, Volume 48, Issue 3, pp 307–318 | Cite as

An Improved High-Throughput Lipid Extraction Method for the Analysis of Human Brain Lipids

  • Sarah K. AbbottEmail author
  • Andrew M. Jenner
  • Todd W. Mitchell
  • Simon H. J. Brown
  • Glenda M. Halliday
  • Brett Garner


We have developed a protocol suitable for high-throughput lipidomic analysis of human brain samples. The traditional Folch extraction (using chloroform and glass–glass homogenization) was compared to a high-throughput method combining methyl-tert-butyl ether (MTBE) extraction with mechanical homogenization utilizing ceramic beads. This high-throughput method significantly reduced sample handling time and increased efficiency compared to glass–glass homogenizing. Furthermore, replacing chloroform with MTBE is safer (less carcinogenic/toxic), with lipids dissolving in the upper phase, allowing for easier pipetting and the potential for automation (i.e., robotics). Both methods were applied to the analysis of human occipital cortex. Lipid species (including ceramides, sphingomyelins, choline glycerophospholipids, ethanolamine glycerophospholipids and phosphatidylserines) were analyzed via electrospray ionization mass spectrometry and sterol species were analyzed using gas chromatography mass spectrometry. No differences in lipid species composition were evident when the lipid extraction protocols were compared, indicating that MTBE extraction with mechanical bead homogenization provides an improved method for the lipidomic profiling of human brain tissue.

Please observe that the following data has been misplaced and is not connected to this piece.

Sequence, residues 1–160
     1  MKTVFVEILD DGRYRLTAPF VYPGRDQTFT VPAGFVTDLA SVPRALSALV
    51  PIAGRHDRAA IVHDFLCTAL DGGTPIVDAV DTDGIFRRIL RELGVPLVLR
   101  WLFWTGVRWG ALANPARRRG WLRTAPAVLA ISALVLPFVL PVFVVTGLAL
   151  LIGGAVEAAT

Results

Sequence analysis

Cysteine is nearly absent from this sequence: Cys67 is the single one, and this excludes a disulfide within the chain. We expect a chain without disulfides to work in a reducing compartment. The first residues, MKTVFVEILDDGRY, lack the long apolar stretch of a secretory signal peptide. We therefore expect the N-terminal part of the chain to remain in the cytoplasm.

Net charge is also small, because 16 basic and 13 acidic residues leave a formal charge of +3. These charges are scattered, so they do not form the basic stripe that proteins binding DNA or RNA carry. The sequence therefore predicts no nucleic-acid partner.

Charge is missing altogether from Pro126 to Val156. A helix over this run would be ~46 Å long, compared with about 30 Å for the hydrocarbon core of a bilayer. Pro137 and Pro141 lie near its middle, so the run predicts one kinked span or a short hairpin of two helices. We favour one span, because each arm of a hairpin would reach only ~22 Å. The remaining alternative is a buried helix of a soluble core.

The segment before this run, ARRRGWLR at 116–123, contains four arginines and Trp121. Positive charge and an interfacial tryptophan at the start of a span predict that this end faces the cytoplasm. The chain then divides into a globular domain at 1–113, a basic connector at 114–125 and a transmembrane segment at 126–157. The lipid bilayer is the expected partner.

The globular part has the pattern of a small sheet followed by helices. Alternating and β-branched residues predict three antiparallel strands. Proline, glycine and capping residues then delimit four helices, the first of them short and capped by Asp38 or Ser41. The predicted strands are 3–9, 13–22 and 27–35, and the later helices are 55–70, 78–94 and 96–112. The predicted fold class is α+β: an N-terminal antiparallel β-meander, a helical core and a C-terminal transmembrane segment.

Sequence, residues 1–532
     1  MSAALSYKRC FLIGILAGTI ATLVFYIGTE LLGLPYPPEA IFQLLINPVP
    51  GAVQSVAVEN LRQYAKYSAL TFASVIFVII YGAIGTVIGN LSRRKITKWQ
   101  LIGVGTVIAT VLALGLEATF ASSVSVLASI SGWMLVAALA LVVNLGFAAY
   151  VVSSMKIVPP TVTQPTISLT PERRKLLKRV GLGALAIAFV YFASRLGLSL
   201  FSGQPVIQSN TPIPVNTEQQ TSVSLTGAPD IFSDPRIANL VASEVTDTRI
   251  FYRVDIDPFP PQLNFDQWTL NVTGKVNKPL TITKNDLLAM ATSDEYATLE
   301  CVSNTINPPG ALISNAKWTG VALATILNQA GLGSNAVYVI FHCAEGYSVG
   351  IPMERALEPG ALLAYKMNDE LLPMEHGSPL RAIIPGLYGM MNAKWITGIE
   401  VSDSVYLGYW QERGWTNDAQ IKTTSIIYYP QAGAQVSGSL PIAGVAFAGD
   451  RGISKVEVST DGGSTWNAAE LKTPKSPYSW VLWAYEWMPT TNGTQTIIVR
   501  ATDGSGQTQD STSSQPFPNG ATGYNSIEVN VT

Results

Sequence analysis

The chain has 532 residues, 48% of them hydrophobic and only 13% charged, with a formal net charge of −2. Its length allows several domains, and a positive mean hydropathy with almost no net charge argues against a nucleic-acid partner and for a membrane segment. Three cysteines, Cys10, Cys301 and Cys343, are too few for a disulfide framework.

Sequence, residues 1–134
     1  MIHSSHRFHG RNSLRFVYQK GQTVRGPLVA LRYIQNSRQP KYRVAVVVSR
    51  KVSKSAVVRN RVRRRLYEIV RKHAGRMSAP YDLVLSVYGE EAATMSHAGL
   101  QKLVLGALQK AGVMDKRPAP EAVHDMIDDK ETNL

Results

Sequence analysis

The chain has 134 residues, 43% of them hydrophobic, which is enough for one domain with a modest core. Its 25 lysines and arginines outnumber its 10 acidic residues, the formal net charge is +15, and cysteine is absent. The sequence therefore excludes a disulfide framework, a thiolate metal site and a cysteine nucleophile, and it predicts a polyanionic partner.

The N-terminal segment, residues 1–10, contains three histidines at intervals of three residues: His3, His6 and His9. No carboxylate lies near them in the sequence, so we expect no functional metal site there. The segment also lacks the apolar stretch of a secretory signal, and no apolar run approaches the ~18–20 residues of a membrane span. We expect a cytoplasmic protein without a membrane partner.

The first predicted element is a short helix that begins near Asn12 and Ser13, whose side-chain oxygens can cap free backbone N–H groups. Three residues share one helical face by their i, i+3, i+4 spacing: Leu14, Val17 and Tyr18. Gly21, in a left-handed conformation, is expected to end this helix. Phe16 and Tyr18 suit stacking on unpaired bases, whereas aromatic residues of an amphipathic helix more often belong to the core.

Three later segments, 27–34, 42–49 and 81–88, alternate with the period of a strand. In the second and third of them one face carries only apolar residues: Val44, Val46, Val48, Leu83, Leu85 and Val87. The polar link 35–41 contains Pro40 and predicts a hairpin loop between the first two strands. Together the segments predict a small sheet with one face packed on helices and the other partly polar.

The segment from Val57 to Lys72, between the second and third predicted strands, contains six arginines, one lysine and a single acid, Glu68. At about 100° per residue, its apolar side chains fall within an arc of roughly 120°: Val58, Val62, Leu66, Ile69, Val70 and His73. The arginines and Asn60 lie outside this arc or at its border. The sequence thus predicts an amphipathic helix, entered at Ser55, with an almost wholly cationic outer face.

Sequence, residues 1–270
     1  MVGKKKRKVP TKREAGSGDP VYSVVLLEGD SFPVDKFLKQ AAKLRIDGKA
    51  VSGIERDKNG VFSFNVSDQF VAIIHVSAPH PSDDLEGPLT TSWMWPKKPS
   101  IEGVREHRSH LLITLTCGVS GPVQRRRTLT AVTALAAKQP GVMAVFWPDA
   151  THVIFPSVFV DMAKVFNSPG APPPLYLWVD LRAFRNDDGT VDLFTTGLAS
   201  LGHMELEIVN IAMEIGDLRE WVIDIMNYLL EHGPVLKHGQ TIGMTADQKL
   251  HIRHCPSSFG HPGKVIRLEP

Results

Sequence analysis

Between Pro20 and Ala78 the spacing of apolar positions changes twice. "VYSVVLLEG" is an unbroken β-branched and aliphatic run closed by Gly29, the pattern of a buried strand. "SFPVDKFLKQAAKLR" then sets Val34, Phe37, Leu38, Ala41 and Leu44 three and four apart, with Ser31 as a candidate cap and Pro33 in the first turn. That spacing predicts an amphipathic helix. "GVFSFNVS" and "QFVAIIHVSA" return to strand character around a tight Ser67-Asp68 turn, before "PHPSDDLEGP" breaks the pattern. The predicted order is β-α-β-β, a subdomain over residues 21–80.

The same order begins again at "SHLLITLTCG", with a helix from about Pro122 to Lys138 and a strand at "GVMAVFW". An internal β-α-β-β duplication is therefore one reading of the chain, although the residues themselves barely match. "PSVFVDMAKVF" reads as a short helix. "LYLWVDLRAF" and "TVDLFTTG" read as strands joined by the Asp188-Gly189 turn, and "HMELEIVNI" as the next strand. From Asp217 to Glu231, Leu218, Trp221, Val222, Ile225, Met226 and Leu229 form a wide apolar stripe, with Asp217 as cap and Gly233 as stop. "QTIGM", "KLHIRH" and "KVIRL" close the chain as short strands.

Lipidomics Human-brain Ceramide Sphingomyelin Phosphatidylcholine Phosphatidylethanolamine Phosphatidylserine Sterol 



Butylated hydroxytoluene




Collision energy






Choline glycerophospholipid


Coefficient of variation


Collision cell exit potential


Declustering potential


Entrance potential


Electrospray ionization mass spectrometry


Ethanolamine glycerophospholipid


Gas chromatography mass spectrometry


Methyl-tert-butyl ether


Multiple reaction monitoring


Neutral loss


Precursor ion









Adult brain tissue was received from the Sydney Brain Bank at Neuroscience Research Australia which is supported by the National Health and Medical Research Council of Australia, the University of New South Wales and Neuroscience Research Australia. This research was supported by a project grant (APP1008307) from the Australian National Health and Medical Research Council (NHMRC) awarded to GMH and BG. TWM and BG are supported by Australian Research Council Future Fellowships (FT110100249 and FT0991986, respectively). GMH is supported by an NHMRC Principal Research Fellowship (630434).

Conflict of interest

All authors disclose that there are no conflicts of interest.


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Copyright information

© AOCS 2013

Authors and Affiliations

  • Sarah K. Abbott
    • 1
    • 2
    Email author
  • Andrew M. Jenner
    • 1
    • 2
  • Todd W. Mitchell
    • 1
    • 3
  • Simon H. J. Brown
    • 1
    • 3
  • Glenda M. Halliday
    • 4
  • Brett Garner
    • 1
    • 2
  1. 1.Illawarra Health and Medical Research InstituteUniversity of WollongongWollongongAustralia
  2. 2.School of Biological SciencesUniversity of WollongongWollongongAustralia
  3. 3.School of Health SciencesUniversity of WollongongWollongongAustralia
  4. 4.Neuroscience Research Australia and the University of New South WalesSydneyAustralia

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